Botswana, in Africa, has a network of protected areas and biodiversity reserves where wildlife can thrive freely. The national parks in Botswana: Chobe, Nxai Pan, as well as the Kgalagadi Transfrontier Park and the Makgadikgadi National Park and the Gemsbok and Makgadikgadi Pans Reserves are managed by the Department of Wildlife and National Parks (DWNP) based in Gaborone.
According to the United Nations Environment Programme World Conservation Monitoring Centre (UNEP-WCMC), in 2018, protected areas in Botswana covered approximately 29.14% of the national territory. This amounts to an area of 169,370 km² divided into 22 areas, classified into 5 distinct categories. These areas include four national parks, six forest reserves, six game reserves, three bird sanctuaries, and one game sanctuary. The Okavango Delta, known as the Jewel of Botswana, has been declared a UNESCO World Heritage Site, and the entire delta system is considered a Ramsar site of international importance for wetland conservation.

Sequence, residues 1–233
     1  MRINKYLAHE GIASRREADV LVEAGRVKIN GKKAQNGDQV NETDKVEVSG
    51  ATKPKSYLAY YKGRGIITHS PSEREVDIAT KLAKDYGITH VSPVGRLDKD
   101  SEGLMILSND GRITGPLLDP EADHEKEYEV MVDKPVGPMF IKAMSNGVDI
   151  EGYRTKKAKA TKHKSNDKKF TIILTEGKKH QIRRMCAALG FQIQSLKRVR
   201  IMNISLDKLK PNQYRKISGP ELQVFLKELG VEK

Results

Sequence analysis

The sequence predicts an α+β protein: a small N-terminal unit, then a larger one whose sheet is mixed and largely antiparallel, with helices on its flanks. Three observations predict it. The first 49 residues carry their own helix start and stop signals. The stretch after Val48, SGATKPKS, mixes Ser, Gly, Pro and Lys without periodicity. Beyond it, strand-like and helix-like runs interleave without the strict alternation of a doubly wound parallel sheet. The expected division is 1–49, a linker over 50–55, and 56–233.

Additionally, Botswana has designated the Okavango Delta System as a site of international importance under Ramsar, covering an area of 5,537,400 hectares.
The most popular way to explore Botswana’s national parks is through self-guided safaris. Many travelers choose to drive a sturdy off-road vehicle and have experience camping in the wild to camp independently in the savannah. However, it is important to note that DWNP regulates these safaris with strict laws to ensure the safety of travelers and wildlife. For example, it is prohibited to drive at night or at any other time that may pose a danger.